In Murang’a County, 50 km north of Nairobi, parliament ratified a law in 2022 that establishes agroecology as a path to long-term food security (Murang’a County Agroecology Development Act). The main goal is to work only with sustainable cultivation methods. This sets an important political course for actually achieving the second UN Sustainable Development Goal of zero hunger in Murang’a by 2030. In the past, synthetic chemical pesticides were used here in such an uncontrolled manner that avocados and other fruits could no longer be exported to the European market due to the high pesticide residues. This meant that a large part of the sales market for the farmers was lost, and the urgency to find a sustainable solution grew.
Murang’a district assumes a pioneering role
On a political level, Biovision is working with partner organisations in six counties to find sustainable solutions in the food system. It is particularly gratifying that the law has now been ratified in the county that is considered to be one of the most important vegetable growing areas in Kenya: Murang’a. Our partner organisation there, the Institute for Culture and Ecology (ICE), led the process of drafting the law with the population and received considerable support from Biovision. Fabian Kohler, who is responsible for our agroecological development projects, sees this success story from Murang’a as a great opportunity: “Now the farmers have a clear idea of how they can build up their production in a way that is fit for the future. And through our partner organisations, we provide them with targeted support in converting to agroecological methods.”
From aggrieved to active
To develop the law, small farmers met with representatives from politics, research and industry. Cross-sector groups discussed key topics and worked together to find solutions to specific problems, such as the high use of pesticides in the region. The results were then presented and discussed in plenary sessions. A steering committee ensured that these results were incorporated into the legislative proposal (Biovision also uses the approach of bringing all stakeholders to the table in Switzerland; see article on p. 8/9). Faith Gikunda is a project coordinator at ICE and co-led the process in Murang’a: “With this approach, a lot of money and resources have to be spent before you can get results. Some organisations helped us by printing flyers to advertise the launch event or by providing food for the participants. But the process was largely financed and thus made possible by Biovision.” Since the reform of the Kenyan constitution in 2010, active public participation is now required in the development of new laws. But examples of this in practice are few. Faith Gikunda beams when she talks about the successful process: “We are trailblazers. No one else has implemented it in this way before, and we’re pioneering many other initiatives.” Similar ambitions for sustainable food security are already underway in Kenya. They follow the example of Murang’a, where the county government has already announced plans to develop a training plan for agroecological practices and invest 10 % of the agriculture budget in agroecology.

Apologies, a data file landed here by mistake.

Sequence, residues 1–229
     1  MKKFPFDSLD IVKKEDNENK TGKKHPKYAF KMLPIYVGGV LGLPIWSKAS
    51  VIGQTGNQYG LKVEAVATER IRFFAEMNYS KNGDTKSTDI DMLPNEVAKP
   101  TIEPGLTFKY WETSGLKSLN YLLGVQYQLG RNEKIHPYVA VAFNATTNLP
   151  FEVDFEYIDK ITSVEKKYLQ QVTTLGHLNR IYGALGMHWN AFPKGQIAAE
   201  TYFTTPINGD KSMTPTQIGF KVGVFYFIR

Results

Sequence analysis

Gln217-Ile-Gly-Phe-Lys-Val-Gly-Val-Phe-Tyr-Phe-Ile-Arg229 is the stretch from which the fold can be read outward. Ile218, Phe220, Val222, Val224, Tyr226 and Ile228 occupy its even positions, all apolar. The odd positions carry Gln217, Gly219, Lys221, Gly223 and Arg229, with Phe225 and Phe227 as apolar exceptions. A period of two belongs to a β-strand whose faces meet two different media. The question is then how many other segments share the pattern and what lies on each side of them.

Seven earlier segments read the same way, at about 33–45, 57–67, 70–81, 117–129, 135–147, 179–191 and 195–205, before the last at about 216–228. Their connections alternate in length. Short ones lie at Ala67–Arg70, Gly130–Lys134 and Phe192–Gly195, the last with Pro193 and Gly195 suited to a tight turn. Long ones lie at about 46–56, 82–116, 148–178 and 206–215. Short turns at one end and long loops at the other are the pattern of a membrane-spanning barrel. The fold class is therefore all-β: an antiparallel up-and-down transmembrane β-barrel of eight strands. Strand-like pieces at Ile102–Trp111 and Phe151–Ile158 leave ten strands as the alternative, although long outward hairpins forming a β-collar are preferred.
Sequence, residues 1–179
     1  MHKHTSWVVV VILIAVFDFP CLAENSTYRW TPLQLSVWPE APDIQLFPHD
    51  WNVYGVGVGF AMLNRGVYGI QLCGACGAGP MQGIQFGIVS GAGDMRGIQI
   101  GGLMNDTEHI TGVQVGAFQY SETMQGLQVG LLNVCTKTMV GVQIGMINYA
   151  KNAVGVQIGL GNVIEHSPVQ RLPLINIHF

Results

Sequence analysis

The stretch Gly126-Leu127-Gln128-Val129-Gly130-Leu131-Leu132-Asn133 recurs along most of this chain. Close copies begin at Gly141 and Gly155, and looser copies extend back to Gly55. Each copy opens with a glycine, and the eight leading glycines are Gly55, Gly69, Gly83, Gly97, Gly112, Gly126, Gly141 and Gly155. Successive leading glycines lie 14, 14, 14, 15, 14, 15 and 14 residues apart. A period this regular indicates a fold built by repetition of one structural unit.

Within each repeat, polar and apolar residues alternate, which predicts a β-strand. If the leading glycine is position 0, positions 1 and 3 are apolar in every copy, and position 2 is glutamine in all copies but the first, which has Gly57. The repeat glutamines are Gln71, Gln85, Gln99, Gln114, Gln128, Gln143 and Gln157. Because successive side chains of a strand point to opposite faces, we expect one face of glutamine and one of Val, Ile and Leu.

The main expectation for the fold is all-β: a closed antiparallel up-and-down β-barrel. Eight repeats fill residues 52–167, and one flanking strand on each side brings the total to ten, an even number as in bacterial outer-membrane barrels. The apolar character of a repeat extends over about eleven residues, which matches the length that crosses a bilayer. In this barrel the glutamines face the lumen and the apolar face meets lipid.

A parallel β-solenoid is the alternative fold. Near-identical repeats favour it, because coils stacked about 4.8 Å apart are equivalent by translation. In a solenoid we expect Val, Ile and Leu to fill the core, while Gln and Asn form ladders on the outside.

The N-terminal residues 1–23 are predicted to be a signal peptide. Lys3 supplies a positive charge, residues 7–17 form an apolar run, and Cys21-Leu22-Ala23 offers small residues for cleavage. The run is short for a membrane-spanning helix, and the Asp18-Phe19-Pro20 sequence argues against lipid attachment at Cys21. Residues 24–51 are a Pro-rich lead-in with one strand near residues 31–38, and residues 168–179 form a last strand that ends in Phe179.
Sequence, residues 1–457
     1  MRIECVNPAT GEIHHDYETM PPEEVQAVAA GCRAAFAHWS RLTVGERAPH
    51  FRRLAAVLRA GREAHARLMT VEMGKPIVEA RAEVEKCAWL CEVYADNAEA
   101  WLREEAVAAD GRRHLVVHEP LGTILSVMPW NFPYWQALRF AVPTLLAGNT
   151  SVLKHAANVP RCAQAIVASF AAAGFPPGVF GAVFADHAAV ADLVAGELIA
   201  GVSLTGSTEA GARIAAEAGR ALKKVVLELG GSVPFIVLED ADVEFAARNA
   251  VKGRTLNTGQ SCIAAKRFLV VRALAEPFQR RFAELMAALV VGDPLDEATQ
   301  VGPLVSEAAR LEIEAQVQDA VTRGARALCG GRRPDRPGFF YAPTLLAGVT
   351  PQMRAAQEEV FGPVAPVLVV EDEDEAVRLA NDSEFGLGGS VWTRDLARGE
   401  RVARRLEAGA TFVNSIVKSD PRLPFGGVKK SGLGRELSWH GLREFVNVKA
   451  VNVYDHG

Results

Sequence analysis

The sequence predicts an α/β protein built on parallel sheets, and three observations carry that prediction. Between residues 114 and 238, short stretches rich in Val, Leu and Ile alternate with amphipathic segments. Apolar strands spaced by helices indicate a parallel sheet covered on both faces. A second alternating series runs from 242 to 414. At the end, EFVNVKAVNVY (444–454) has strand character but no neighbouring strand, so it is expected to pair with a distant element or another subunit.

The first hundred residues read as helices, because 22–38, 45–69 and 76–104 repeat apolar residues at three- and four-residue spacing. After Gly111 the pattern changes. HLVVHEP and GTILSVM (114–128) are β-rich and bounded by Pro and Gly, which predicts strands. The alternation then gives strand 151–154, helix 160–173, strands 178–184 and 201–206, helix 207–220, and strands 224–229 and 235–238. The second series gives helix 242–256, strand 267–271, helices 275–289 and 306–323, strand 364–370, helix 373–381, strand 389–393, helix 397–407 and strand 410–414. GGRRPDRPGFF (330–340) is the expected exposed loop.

Video from the TV station NTV Kenya on the celebration of the adoption of the “Agroecology Development Act”. With voices from our partner organisation Institute for Culture and Ecology, ICE.
A strong network as the key to success
The success in Murang’a is based not least on the fact that Biovision has built up a strong network over the last decades and enjoys the trust of many local organisations. Hans von Zinkernagel, who is responsible for policy advocacy projects at Biovision, explains the approach in this way: “It is the partnership with organisations like ICE that enables us to achieve long-term goals such as empowering local people and promoting appropriate policy frameworks.” ICE has been active in the fields of agroecology and policy advocacy for more than 15 years. Its staff interacts with farmers daily, and they are familiar with the local conditions. As in Murang’a, Biovision is increasingly playing a decisive role in two areas at once: On a political level, we support multistakeholder platforms, and on a practical level, smallholder farmers receive support and are trained in agroecological farming methods. Last year, Biovision supported 20 multi-stakeholder platforms in this way and, together with local partners, informed more than 2500 people about participating in and shaping political frameworks in food systems.
Strengthened stakeholders and a conducive framework for agroecology
In order to bring about sustainable change in our food systems, Biovision works to create conducive environments that contribute to the spread of agroecology at all levels. To this end, we bring together policy makers, researchers and institutional funders. We also identify solutions and act as a catalyst. We provide relevant, systemic knowledge to local stakeholders from civil society, the academic community, small and medium-sized businesses and politicians. This enables them to campaign for change in their respective environments.